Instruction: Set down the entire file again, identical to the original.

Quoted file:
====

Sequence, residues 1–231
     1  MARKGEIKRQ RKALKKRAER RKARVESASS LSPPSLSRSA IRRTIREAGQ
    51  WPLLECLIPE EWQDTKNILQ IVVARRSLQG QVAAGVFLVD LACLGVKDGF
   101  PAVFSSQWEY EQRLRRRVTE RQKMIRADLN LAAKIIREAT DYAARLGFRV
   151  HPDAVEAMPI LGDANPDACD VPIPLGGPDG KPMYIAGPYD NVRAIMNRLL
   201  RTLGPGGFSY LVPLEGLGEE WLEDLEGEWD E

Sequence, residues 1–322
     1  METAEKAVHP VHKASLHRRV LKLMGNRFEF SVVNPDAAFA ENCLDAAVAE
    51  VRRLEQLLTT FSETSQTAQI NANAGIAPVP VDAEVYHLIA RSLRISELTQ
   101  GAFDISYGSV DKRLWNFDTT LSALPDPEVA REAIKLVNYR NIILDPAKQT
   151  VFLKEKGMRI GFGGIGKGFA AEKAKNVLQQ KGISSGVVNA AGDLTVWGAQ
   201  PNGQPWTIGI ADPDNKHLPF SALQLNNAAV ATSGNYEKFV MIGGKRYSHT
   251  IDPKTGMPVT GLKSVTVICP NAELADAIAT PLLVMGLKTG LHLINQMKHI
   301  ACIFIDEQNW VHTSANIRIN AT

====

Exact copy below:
Sequence, residues 1–231
     1  MARKGEIKRQ RKALKKRAER RKARVESASS LSPPSLSRSA IRRTIREAGQ
    51  WPLLECLIPE EWQDTKNILQ IVVARRSLQG QVAAGVFLVD LACLGVKDGF
   101  PAVFSSQWEY EQRLRRRVTE RQKMIRADLN LAAKIIREAT DYAARLGFRV
   151  HPDAVEAMPI LGDANPDACD VPIPLGGPDG KPMYIAGPYD NVRAIMNRLL
   201  RTLGPGGFSY LVPLEGLGEE WLEDLEGEWD E

Sequence, residues 1–322
     1  METAEKAVHP VHKASLHRRV LKLMGNRFEF SVVNPDAAFA ENCLDAAVAE
    51  VRRLEQLLTT FSETSQTAQI NANAGIAPVP VDAEVYHLIA RSLRISELTQ
   101  GAFDISYGSV DKRLWNFDTT LSALPDPEVA REAIKLVNYR NIILDPAKQT
   151  VFLKEKGMRI GFGGIGKGFA AEKAKNVLQQ KGISSGVVNA AGDLTVWGAQ
   201  PNGQPWTIGI ADPDNKHLPF SALQLNNAAV ATSGNYEKFV MIGGKRYSHT
   251  IDPKTGMPVT GLKSVTVICP NAELADAIAT PLLVMGLKTG LHLINQMKHI
   301  ACIFIDEQNW VHTSANIRIN AT